In Volume I three long, thoughtful essays, on Bataille, Camus and Isaiah Berlin, confirm Vargas Llosa’s increasingly individualistic stance. In “Bataille or the Redemption of Evil” of 1972, he finds a kindred spirit who also conceives literary activity as being essentially rebellious. For Bataille, this is because literature draws on the uncontrollable, “deicidal” demons we are said to harbour within us. Bataille, moreover, shows that literature is incompatible with socialism, because literature is irrational and individualistic, where socialism is rational and collectivist. In his “Albert Camus or the Morality of Limits” of 1975, Vargas Llosa praises Camus’s ability to see through ideological abstractions. Camus is above all a writer, a novelist with an eye for the flesh and blood of his characters and for the sweltering landscapes they inhabit. He is therefore too involved with the real world here and now to have any time for ideology, or for the fashionable call of “history” or “the future”. He also believes that because abstraction stretches reality, it can only be imposed by force. Hence his “idea about the morality of limits”. Camus’s “conviction that any theory that presents itself as absolute – for example Christianity or Marxism – sooner or later ends up justifying crime and lies”, led him to develop the “morality of limits” which Vargas Llosa describes as the most fertile and valuable of his teachings. It partly consisted in “admitting that an adversary can be right, in allowing him to express himself, in agreeing to reflect on his arguments”.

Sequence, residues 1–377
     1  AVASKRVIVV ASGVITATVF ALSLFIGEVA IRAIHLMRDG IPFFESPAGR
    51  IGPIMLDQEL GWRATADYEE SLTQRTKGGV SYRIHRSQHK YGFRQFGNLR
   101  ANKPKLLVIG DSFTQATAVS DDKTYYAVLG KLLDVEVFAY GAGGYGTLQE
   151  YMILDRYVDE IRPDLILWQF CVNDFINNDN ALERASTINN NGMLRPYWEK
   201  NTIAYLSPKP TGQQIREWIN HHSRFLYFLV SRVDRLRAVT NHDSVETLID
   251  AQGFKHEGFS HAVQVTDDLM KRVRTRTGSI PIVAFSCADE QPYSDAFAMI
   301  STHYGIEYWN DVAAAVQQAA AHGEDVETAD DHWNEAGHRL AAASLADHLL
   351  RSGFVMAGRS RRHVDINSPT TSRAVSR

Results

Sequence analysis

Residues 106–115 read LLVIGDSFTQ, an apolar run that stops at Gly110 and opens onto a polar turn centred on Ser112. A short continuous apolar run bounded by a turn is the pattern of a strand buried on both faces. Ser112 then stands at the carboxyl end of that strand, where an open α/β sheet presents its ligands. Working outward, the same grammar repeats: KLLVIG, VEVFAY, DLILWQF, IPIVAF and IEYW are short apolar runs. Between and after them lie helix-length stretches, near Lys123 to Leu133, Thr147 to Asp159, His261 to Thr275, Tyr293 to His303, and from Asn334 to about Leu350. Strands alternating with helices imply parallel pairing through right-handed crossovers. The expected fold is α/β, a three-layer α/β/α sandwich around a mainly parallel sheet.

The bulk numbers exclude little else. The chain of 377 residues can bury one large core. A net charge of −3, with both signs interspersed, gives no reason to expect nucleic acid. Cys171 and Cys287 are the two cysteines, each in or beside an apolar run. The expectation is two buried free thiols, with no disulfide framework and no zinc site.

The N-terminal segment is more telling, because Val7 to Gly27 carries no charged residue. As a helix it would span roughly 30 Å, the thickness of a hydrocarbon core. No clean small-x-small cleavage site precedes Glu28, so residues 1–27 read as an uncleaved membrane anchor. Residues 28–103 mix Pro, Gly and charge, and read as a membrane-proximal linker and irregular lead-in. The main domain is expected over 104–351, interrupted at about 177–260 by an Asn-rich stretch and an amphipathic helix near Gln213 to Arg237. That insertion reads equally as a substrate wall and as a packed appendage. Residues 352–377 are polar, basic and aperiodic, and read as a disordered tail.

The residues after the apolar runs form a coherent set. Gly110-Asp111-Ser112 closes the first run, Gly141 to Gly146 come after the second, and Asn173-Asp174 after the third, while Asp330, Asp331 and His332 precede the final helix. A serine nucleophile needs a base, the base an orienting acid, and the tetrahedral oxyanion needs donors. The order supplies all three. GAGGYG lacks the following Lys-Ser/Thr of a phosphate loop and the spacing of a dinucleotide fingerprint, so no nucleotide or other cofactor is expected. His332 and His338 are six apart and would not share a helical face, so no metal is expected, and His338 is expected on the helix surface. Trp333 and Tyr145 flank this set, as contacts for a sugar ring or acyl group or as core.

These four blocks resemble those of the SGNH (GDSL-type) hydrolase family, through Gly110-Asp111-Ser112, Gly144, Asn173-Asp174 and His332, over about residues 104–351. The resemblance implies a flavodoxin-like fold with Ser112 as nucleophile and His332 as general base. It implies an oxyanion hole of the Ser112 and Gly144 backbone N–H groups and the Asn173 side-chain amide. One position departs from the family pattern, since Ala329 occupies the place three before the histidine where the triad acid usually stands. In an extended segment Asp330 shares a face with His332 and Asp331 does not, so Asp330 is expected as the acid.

The most important of these essays in Volume I is “A Hero of Our Time”. Written in 1980, it discusses Isaiah Berlin’s disquisitions on major thinkers. Amusingly, Vargas Llosa suggests that Berlin, in his reflections on them, is like a novelist who just lets his characters speak, allowing his own ideas to come through without our really noticing how, like the story in a well-written novel that seems to be self-generated, so cleverly are the narrator and author hidden.
Vargas Llosa approvingly discusses Berlin’s rejection, like Camus’s, of all-embracing utopias, and of the idea that good ends can justify bad means. He is impressed by Berlin’s argument that desirable objectives are often incompatible with each other, that equality, for instance, is not always compatible with freedom, and with his contention that there is never a single answer to our problems, and that therefore it is rational, and morally necessary, that we practise pluralism and tolerance. Vargas Llosa also analyses Berlin’s distinction between negative and positive freedom, predictably preferring the former even if, with his usual good sense, he agrees that it is wise to have some of the latter too; in the end it is best to be free not only from undue coercion, but also from undue social injustice. In Berlin’s hedgehog-and-fox dichotomy, Vargas Llosa predictably declares himself to be a fox, curious and knowledgeable about many things, but he admits to sometimes wanting to be a hedgehog too, for the comfort of “knowing just one big thing”. In a final, original touch, Vargas Llosa suggests that Berlin over-relies on the prevalence of virtue and reasonableness in humanity, that he is unduly innocent of the dark side we harbour, and which Bataille brilliantly demonstrated is an essential component of any creative genius. Vargas Llosa in the end would have us opt for a synergistic fusion of Berlin, Bataille and Camus.